"We could be facing serious staff shortages," she said.

Omicron appears to on average cause less severe illness than previous variants. But it is so contagious that it may infect many people across essential professions, Fries said.

"Across all essential services, if you have 20% of policemen sick, and 20% of firemen sick, that’s going to be a problem, even if they’re not sick enough to come to the hospital, but they’re sick and stay at home," she said.

The transmissibility of omicron is why Sharma is worried about a larger spike in hospitalizations than expected. It may infect so many people that it leads to a major increase in those sick enough to require a hospital bed, he said.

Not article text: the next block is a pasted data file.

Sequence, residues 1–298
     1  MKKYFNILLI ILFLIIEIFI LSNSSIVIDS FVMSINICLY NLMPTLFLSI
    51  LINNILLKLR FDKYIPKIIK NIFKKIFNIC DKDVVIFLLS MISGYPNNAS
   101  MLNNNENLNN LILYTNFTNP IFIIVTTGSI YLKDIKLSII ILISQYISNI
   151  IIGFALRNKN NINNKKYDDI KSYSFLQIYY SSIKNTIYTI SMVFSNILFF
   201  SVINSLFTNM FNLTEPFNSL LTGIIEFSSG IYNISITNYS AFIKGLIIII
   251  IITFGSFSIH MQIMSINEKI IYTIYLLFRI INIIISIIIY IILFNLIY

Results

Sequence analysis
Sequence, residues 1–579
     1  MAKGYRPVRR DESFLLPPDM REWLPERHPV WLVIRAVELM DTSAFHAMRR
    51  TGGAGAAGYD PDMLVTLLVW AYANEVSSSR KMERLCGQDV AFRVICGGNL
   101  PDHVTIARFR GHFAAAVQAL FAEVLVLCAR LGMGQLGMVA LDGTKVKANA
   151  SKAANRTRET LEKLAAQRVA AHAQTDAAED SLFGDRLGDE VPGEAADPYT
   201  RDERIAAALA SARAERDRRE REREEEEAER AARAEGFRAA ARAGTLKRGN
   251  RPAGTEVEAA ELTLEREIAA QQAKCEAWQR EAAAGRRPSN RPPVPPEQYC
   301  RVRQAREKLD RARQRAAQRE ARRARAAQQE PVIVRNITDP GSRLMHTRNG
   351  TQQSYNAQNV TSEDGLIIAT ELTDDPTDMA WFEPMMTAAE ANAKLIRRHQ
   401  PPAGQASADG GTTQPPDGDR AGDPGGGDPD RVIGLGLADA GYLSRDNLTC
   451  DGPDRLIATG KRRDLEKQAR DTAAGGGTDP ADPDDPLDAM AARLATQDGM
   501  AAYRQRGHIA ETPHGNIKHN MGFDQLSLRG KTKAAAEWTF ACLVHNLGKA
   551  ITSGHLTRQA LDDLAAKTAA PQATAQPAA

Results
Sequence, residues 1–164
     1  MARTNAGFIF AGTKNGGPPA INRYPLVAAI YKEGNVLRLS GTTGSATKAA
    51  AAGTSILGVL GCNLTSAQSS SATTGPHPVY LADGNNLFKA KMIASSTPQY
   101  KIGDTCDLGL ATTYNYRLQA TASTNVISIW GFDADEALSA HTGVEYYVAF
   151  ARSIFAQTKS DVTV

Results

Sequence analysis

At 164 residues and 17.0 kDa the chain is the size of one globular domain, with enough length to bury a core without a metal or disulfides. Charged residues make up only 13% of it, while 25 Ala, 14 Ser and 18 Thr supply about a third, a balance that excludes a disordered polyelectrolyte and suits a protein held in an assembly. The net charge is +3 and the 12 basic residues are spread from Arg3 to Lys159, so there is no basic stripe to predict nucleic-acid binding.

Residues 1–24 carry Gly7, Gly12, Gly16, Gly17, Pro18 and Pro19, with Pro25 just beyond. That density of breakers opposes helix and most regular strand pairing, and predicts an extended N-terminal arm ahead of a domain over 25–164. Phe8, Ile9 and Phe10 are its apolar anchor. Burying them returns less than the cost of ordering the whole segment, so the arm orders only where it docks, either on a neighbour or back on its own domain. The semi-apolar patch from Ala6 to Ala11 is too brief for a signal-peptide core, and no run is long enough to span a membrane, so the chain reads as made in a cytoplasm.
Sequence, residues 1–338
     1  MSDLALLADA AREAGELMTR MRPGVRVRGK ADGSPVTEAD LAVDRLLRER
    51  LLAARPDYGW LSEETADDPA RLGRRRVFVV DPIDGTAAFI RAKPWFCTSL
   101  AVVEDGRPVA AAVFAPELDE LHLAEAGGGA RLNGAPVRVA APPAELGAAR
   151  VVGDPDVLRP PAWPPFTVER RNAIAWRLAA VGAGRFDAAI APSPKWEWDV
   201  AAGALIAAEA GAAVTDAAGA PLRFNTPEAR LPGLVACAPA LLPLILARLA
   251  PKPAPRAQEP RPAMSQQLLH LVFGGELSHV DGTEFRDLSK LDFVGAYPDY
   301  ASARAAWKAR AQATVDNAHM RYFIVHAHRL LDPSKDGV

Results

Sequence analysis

"We are very concerned about the upcoming holiday, and what that will mean with regards to how people congregate," Sharma said.

He urged Long Islanders to keep holiday celebrations as small as possible and to take coronavirus tests before gatherings.

Experts: Vaccinations, high-grade masks key to variant fight

Narasimhan said vaccinations will greatly blunt omicron’s impact. On Long Island, 77% of all Nassau residents are fully vaccinated and just over 70% of Suffolk residents have completed a vaccination series, state data shows.

Fully vaccinated is currently defined as two shots of the Pfizer-BioNTech or Moderna vaccines, or the single dose of Johnson & Johnson, although federal and state officials said the definition may eventually change to mean boosted.

The large majority of hospitalizations at Northwell are of unvaccinated people, Narasimhan said.